Thursday, April 14, 2011

#138 - Ed Brinkman

Here we have Ed Brinkman,, one of the longest-serving major leaguers in the set (although he's only 32) posing in one of the oldest fields at the time of the set, Comiskey Park. In '73 Ed would add over 30 points to his average and enjoy his only All-Star appearance. Ed has a bat in his hands although it would be more appropriate if he held a glove. Before the Mendoza line came into being there was Ed, toting his .220 average, as a hallmark of batting futility. But he was an awfully good fielder.

Ed Brinkman grew up in Cincinnati and played high school ball there, at a school called Western Hills. His senior year he played shortstop and pitched, batting .460 and winning 15 games. He then attended the University of Cincinnati where he played baseball and was drafted by the Senators - the new ones - in '61 (some sources say he was drafted by the OLD Senators for a big sum fresh out of high school in '59). That year he would play third base at a couple of D-level clubs, hit .314, and get called up to DC for a few late games. In '62 he started off at B-level Raleigh, hit .320, and again got promoted all the way up. Although he only hit .165, the following spring he was given the starting shortstop job, a role he held from '63 to '70, with a couple exceptions. In '67 Ed, like a few other major leaguers, began serving reserve duty in the National Guard. Normally that meant weekends and/or a few weeks to a few months a year he had to report for duty at a designated base. That year he was on a pretty good roll batting average-wise, but missed the time and then was slow coming back and his average ended back in the sub-.200 range. In '68, right around the beginning of the season Martin Luther King was assassinated and most Guardsmen were called in early to quell real or anticipated riots in urban parts of the country. Ed was one of them and on opening day of the '68 season he was ironically stationed at DC Stadium, his home park. It would turn out to be a lost season for Ed. Then in '69 his average popped 50 points and it stayed there in 1970. What happened? Despite the lowering of the mound and a couple other rule changes to favor hitters, what really happened was that Ed's manager those two years was Ted Williams, maybe the best hitting coach ever. Practically everyone on the team in '69 had career offensive seasons and Ed was no exception.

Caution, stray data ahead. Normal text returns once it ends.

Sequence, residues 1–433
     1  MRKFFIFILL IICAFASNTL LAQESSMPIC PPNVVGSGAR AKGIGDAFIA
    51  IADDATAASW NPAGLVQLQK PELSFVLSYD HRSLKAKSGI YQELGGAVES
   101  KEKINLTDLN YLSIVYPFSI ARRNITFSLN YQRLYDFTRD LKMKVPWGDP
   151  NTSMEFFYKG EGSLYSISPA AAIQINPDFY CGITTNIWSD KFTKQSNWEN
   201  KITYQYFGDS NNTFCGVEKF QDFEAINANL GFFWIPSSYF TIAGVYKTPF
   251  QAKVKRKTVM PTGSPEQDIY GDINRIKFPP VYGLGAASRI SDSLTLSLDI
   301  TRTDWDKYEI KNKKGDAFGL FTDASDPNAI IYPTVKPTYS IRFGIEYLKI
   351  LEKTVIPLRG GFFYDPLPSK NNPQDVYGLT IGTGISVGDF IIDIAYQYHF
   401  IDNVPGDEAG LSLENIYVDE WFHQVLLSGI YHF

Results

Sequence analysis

In 1971 Brinkman was part of a big trade that sent him to Detroit with Aurelio Rodriguez and Joe Coleman for Denny McLain, Elliott Maddox, Don Wert, and Norm McRae. Only Maddox would put in any significant time for Washington/Texas and the trade would become a steal for the Tigers. Despite his average sinking to its pre-Ted levels, Ed started rewriting the record books at shortstop. In '71 he played a record 56 straight games without an error at the position. In '72 he topped it, going 72 consecutive games without an error. He also started off that year on a decent hitting tear and got the highest amount of MVP votes on the division-winner. He also won his only Gold Glove. In his only post-season series he hit .250. In '74, his final season as a Tiger he would have his best power year with 14 homers and 54 RBIs. The following year Ed moved around a lot: he went to San Diego in the trade that brought Nate Colbert to Detroit and was then immediately swapped to St. Louis for pitchers Alan Foster, Rich Folkers, and Sonny Siebert. When the season was barely two month's old he went - back, in a way - to Texas for Willie Davis. Finally, ten days later he was sold to the Yankees. He barely played for any of those guys and he would be cut in spring training of '76 ending his playing career. Ed hit .220 for his time in the majors, but he finished pretty high lifetime in all major defense categories. From '65 to '74 - except the lost '68 - he finished in the top five shortstops fielding percentage-wise.

After playing Ed went into coaching. From '77 to '82 he managed in the Tigers chain, except for '79 and '81 when he coached at the majors level. From '83 to 2000 he worked with the White Sox, first as a coach and the last couple years as a scout. He then retired. As a manager he had a career record of 277-278. He passed away in 2008 either from heart problems or from lung cancer, depending on the source. He was 66.



That's a good star bullet. Ed did play with Pete Rose in high school and reportedly signed for a much higher bonus than Pete, if the latter's biography is to be believed. Don Zimmer also attended that school, although a bit earlier than Pete and Ed. If Ed dropped his last name he could have been on "Green Acres."

Two AL guys should make this easier:

1. Brinkman and Jim Northrup '71 to '74 Tigers;
2. Northrup and Al Bumbry '75 Orioles.

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